JACKSONVILLE, Fla. – In a lengthy 140-page ruling filed Wednesday, a federal judge threw out Jacksonville’s newly-drawn city council and school board district map.
Plaintiffs, including voters and local chapters of the NAACP and ACLU, alleged the maps are unconstitutionally gerrymandered by race and diminish the voices of Black voters. The case was set for trial in 2023, but the plaintiffs wanted a federal judge to step in before that.
INSIDERS: Interactive map, see how Jacksonville’s city council districts would have changed
In the ruling, the judge said plaintiffs presented “evidence, which stands unrebutted, that it was possible to draw district lines in a manner that equalized populations, minimized River crossings, and resulted in compact and contiguous districts.”
The judge found there was “a compelling case that race was the predominant factor in the drawing of the Challenged Districts,” and that the shape of the districts was “dictated by race.” The judge found that the districts confine the voice of Black voters to districts 7, 8, 9 and 10.
The judge granted the motion to strike down the new districts and ordered the Jacksonville City Council to approve a new map by Nov. 8. If the council cannot meet that deadline, it must inform the judge, who then could propose legal remedies.
The conclusion reads in part:
“The Court is fully cognizant that interfering with a legislative body’s districting plan is a serious intrusion on the responsibility of the legislative branch. And a court should do so only upon a clear showing that such interference is demanded. Here, although the Court acts with reluctance, the Court is convinced that failing to act would be an even more serious failure of the responsibility of the judicial branch.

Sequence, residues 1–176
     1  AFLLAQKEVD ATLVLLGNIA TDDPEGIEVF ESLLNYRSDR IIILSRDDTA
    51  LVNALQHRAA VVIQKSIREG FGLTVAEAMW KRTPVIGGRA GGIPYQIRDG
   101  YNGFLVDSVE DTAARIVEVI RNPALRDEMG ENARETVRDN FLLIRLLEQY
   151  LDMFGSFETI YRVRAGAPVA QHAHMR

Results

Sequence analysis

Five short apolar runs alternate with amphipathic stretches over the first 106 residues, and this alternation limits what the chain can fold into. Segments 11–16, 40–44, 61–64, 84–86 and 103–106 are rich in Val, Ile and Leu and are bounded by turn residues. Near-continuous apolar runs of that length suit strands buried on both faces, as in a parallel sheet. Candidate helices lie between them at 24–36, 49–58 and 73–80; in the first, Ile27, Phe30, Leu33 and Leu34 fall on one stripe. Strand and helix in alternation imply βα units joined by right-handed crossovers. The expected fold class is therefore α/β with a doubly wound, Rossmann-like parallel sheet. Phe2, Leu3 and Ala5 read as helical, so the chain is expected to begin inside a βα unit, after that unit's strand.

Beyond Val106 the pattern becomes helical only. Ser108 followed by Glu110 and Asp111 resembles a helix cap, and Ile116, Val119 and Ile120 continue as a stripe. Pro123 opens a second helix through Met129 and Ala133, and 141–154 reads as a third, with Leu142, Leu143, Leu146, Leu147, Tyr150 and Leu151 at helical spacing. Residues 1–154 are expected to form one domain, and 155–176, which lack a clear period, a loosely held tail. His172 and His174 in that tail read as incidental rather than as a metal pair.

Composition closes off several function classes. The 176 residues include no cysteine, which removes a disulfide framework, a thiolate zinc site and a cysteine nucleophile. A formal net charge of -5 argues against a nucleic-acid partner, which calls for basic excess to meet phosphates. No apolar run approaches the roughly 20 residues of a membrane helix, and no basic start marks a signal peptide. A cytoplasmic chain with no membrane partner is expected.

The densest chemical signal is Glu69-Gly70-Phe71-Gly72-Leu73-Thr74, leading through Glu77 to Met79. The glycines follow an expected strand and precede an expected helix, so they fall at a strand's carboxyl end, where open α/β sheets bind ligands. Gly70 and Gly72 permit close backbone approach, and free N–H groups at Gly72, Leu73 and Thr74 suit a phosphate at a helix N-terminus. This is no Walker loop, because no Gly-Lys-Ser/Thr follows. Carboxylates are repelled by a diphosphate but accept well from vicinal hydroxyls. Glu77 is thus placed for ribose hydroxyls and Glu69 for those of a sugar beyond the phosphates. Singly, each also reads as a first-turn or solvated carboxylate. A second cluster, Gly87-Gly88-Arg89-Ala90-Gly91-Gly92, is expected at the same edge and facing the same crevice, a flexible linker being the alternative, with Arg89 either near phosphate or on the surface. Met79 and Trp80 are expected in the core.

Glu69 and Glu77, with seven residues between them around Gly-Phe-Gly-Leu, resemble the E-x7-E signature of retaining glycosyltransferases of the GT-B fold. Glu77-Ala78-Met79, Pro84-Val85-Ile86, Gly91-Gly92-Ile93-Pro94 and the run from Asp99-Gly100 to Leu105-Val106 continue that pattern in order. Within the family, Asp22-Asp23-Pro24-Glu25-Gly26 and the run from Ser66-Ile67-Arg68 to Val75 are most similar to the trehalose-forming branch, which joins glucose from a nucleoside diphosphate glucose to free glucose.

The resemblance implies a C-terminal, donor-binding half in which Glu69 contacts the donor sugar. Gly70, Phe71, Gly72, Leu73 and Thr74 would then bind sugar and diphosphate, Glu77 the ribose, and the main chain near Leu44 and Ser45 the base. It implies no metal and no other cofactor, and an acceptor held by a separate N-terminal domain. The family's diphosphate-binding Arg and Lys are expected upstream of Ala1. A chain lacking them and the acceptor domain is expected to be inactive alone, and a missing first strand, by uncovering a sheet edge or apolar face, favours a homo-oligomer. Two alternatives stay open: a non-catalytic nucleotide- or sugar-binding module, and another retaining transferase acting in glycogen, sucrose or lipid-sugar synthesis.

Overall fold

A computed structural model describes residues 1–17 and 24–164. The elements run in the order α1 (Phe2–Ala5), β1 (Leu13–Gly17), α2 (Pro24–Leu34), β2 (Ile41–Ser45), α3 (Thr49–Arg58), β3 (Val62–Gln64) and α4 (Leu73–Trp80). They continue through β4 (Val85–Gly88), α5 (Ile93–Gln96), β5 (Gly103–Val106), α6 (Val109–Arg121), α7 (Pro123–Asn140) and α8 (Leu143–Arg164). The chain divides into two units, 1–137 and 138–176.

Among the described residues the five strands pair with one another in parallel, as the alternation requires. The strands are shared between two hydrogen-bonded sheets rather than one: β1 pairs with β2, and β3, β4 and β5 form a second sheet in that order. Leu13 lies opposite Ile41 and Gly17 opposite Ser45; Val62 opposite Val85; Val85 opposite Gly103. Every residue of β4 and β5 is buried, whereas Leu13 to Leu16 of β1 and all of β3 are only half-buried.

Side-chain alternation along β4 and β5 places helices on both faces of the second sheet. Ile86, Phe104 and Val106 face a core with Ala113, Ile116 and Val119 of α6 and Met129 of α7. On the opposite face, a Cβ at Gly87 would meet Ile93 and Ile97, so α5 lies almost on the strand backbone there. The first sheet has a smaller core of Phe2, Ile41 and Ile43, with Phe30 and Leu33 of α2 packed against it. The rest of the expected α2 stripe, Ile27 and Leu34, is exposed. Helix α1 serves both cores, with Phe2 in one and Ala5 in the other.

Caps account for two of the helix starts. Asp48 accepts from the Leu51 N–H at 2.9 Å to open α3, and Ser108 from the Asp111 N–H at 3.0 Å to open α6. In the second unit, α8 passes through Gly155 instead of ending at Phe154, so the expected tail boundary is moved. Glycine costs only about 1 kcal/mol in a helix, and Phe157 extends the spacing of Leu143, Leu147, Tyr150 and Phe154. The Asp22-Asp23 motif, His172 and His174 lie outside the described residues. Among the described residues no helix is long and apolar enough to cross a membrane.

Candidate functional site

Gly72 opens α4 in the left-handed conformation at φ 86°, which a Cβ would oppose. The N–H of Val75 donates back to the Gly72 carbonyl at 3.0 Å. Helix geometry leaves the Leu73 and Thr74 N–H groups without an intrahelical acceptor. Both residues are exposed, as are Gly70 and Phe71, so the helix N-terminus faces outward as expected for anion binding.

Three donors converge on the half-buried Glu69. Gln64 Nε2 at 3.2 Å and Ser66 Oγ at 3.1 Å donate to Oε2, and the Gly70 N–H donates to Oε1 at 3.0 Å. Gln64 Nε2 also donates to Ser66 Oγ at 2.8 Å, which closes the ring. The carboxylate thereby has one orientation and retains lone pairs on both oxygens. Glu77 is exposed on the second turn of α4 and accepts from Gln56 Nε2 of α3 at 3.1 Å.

“Thus, the Court will grant the Motion and provide the City with a reasonable opportunity to enact new district lines ahead of the upcoming election. With voting maps drawn in a manner that comports with the Constitutional mandate of the Equal Protection Clause, the voters of Jacksonville must decide their representation.”
City Council member Sam Newby, who helped draw the new lines that were approved by the council, said he disagrees with the ruling.
“It was transparent,” he said. “And so I was really, really surprised.”
“I stand by the line that was drawn,” Newby added. “I think we did a great job. And just like I point back to in 2011, I think we have four Black council members of maybe five. Now we have seven.”
Here’s a copy of the court document:
Jacksonville City Council President Terrance Freeman issued a statement:
“Our attorneys are currently reviewing the 139-page order and I will be meeting with them soon to discuss what the next steps may be. We will explore all our legal options and proceed accordingly.”
Daniel Henry, chair of the Duval County Democratic Party issued a statement that reads:
“We applaud Judge Morales Howard’s preliminary injunction blocking the use of Jacksonville City Council’s gerrymandered map. From the beginning, we have advocated for fair maps that protect residents’ rights to have a voice in their local government. This ruling reaffirms our belief that the maps passed by the council, earlier this year, racially segregated Duval County residents and silenced their voices. It’s now incumbent on City Council, to embrace this ruling, and proceed with a fair and equitable redistricting process that produces maps that are logically shaped and racially balanced by the court-imposed deadline.”
BeJae Shelton, board member of the American Civil Liberties Union Florida Northeast chapter, issued a statement that reads:
“We are proud of our friends and neighbors who stood up to advocate for their voting rights and achieved this win for fair representation in Jacksonville. They have made a positive difference for Jacksonville communities, who will now have an equal voice in their city government.”
Ben Frazier, of the Northside Coalition of Jacksonville, which was a plaintiff in the lawsuit, issued a statement that reads:
“This is a major victory that changes the whole political landscape in Duval County. The court’s decision to block maps that pack Black communities into too few districts represents positive change for Jacksonville. We now hope for maps that give us fair representation & an equal voice to advocate for the prosperity of our communities.”